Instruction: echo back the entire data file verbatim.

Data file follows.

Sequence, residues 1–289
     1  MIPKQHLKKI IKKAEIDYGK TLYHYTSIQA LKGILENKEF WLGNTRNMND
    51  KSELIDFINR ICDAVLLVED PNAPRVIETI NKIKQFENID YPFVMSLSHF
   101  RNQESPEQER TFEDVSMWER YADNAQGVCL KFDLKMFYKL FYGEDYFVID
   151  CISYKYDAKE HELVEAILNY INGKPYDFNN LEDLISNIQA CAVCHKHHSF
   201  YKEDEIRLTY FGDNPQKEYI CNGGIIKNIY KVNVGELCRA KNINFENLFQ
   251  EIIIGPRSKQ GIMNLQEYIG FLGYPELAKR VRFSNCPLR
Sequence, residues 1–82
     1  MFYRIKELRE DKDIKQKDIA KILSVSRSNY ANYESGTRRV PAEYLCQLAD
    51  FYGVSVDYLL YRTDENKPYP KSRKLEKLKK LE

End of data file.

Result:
Sequence, residues 1–289
     1  MIPKQHLKKI IKKAEIDYGK TLYHYTSIQA LKGILENKEF WLGNTRNMND
    51  KSELIDFINR ICDAVLLVED PNAPRVIETI NKIKQFENID YPFVMSLSHF
   101  RNQESPEQER TFEDVSMWER YADNAQGVCL KFDLKMFYKL FYGEDYFVID
   151  CISYKYDAKE HELVEAILNY INGKPYDFNN LEDLISNIQA CAVCHKHHSF
   201  YKEDEIRLTY FGDNPQKEYI CNGGIIKNIY KVNVGELCRA KNINFENLFQ
   251  EIIIGPRSKQ GIMNLQEYIG FLGYPELAKR VRFSNCPLR
Sequence, residues 1–82
     1  MFYRIKELRE DKDIKQKDIA KILSVSRSNY ANYESGTRRV PAEYLCQLAD
    51  FYGVSVDYLL YRTDENKPYP KSRKLEKLKK LE